Common Mistake: “I’m Sorry for Everything”

Common Mistake #3: sound apologetic when asked about one’s background

I hate to say this (and I’m sorry for saying it nonetheless), but many candidates go into job interviews with an inferiority complex. This is what I mean:

  • "Sorry, I only have a master’s degree, not a Ph.D."
  • "Sorry, I went to a so-so/no-name/7th-tier school."
  • "Sorry, I speak English with a heavy accent."
  • "Sorry, I don’t know C++ at all."
  • "Sorry, I’ve never held a real job."
  • "Sorry, I’m a CS major and only studied finance and stochastics/econometrics/linear algebra on my own, without taking any real classes."
  • "Sorry, I never studied finance or economics; my background is theoretical physics/mechanical engineering/applied chemistry."
  • "Sorry, I’ve never traded a single stock in my life."
  • "Sorry, I’m only making $25k in my current job."
  • "Sorry, I’m better-looking than you."

When candidates walk into interviews with one of these mentalities (except the last one, of course, since it’s just a joke), they end up sounding apologetic when they are asked questions related to their "weak" spots. Then they start sweating profusely, they try to come up with a "perfect" answer, and they have this depressed or humiliated look on their faces.I’ve seen this happen many, many times.

I want to say this: do not feel inferior about yourself, period. As I mention in my book, the fact you are looking for a quant job, and the fact you passed the initial resume screening, speak volumes of your qualifications. Someone must have liked your background to offer you the interview (especially if it’s an onsite interview). You already have accomplishments that attracted someone’s attention and interest.

So what if you never wanted to get a Ph.D.? The Ph.D. degree is totally not right for most people. By getting a master’s, you are already proving that you were serious about your education and worked hard to acquire advanced knowledge.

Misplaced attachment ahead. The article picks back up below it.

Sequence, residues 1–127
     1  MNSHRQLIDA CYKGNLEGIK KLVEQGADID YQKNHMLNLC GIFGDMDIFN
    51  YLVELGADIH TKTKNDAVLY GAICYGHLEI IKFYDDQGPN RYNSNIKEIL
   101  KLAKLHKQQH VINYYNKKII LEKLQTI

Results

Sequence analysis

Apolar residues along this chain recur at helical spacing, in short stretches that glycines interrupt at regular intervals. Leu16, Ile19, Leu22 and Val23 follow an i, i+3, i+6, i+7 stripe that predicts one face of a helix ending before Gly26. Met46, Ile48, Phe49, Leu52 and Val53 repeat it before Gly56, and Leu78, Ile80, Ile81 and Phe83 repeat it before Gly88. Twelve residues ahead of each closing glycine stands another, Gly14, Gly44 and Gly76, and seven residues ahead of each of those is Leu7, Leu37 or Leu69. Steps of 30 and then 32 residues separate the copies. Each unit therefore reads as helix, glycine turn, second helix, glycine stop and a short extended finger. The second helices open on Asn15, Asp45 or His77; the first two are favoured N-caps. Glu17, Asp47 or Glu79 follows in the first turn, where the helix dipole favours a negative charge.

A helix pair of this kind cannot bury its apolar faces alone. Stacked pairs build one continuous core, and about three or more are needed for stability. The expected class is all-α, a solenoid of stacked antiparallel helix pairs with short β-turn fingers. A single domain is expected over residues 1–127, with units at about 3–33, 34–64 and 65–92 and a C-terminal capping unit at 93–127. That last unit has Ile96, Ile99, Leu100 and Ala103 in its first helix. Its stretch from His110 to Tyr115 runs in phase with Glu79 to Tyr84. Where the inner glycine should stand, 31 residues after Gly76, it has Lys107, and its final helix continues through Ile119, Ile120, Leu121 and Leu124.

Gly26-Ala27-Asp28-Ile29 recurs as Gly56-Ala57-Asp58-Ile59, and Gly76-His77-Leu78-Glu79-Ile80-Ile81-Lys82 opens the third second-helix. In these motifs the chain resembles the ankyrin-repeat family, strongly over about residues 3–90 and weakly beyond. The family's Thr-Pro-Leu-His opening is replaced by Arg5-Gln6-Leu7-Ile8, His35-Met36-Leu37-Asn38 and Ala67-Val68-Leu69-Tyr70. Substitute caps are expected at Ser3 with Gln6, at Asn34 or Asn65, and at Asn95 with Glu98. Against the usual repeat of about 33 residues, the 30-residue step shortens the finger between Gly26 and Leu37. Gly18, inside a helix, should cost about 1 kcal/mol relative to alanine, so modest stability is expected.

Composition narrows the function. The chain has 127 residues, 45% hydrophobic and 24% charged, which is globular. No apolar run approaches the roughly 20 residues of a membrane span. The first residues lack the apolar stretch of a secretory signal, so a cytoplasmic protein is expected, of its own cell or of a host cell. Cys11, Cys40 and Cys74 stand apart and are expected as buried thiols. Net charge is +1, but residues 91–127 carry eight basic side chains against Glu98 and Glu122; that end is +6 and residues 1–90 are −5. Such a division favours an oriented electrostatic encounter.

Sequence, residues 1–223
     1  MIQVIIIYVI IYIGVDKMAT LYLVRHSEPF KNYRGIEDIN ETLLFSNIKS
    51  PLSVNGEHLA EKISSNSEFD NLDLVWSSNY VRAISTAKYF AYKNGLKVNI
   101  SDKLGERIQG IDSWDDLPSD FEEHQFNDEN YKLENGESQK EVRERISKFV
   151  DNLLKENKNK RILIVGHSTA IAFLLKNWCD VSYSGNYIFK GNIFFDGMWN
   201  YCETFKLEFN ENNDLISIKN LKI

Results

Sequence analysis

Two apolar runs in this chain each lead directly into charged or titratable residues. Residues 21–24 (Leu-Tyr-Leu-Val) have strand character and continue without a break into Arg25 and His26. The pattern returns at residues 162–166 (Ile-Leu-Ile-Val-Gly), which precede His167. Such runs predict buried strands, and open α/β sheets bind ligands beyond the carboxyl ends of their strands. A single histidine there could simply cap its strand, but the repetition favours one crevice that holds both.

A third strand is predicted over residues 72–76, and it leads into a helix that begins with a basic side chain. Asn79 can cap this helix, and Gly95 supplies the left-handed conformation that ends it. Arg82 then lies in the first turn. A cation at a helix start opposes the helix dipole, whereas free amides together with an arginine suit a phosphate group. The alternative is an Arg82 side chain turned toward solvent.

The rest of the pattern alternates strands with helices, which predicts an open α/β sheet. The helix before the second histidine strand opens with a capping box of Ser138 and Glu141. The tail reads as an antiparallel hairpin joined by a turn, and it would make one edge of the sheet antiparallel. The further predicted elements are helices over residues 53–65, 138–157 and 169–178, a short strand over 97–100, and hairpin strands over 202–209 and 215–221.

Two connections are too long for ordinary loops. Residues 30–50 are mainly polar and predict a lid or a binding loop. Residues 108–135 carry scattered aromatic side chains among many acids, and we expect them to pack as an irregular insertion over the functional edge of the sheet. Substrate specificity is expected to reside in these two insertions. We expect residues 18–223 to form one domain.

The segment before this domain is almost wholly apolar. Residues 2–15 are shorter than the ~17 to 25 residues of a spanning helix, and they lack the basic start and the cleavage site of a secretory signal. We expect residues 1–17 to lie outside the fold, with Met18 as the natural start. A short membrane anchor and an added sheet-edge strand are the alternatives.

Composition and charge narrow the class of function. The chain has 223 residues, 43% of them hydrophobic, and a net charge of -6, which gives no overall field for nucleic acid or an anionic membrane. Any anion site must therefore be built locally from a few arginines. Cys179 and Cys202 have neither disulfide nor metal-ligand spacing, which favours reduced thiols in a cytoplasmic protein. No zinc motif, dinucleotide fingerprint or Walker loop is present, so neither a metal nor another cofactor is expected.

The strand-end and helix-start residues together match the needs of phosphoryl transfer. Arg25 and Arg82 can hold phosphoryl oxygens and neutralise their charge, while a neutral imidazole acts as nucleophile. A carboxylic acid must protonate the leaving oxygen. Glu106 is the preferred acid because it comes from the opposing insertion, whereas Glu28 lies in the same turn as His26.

So what if you attended (or are attending) a school not rated by U.S. News and World Report in the top 20 or top 50? The fact is you are getting an education and you may already have the skills needed to work in finance. Of course, the key is that you must have those skills, and be willing to work hard.

So what if you didn’t study finance or economics? If you studied a hardcore science, that means you are smarter and work harder than people who study soft sciences. Besides, you can always pick up finance knowledge on your own. The people who invented quantitative finance were not "finance people" per se, either.

So what if you never traded stocks? You have other interests and skills. Maybe you just never had enough spare money to invest in stocks.

So what if you speak English with a heavy accent? Hopefully you are doing something about it (like taking an accent class or seeing a speech coach), but you picked up English as an adult and can now use it. (If you can read this blog, your reading English is good enough!) Besides, you can bet your life that other people will have an even harder time learning your mother tongue.

In short, if an interviewer points out a "weakness" in your background, don’t feel embarrassed (and never ashamed!), and don’t start sounding apologetic. Damn it, you have nothing to apologize for regarding your background. If you lack some skills, admit it and promise to work hard to gain those skills. Move on to positive things.

(BTW, if there is something in your background, like a D in a math class, that you are ashamed of, just don’t put it down on your resume in the first place!)

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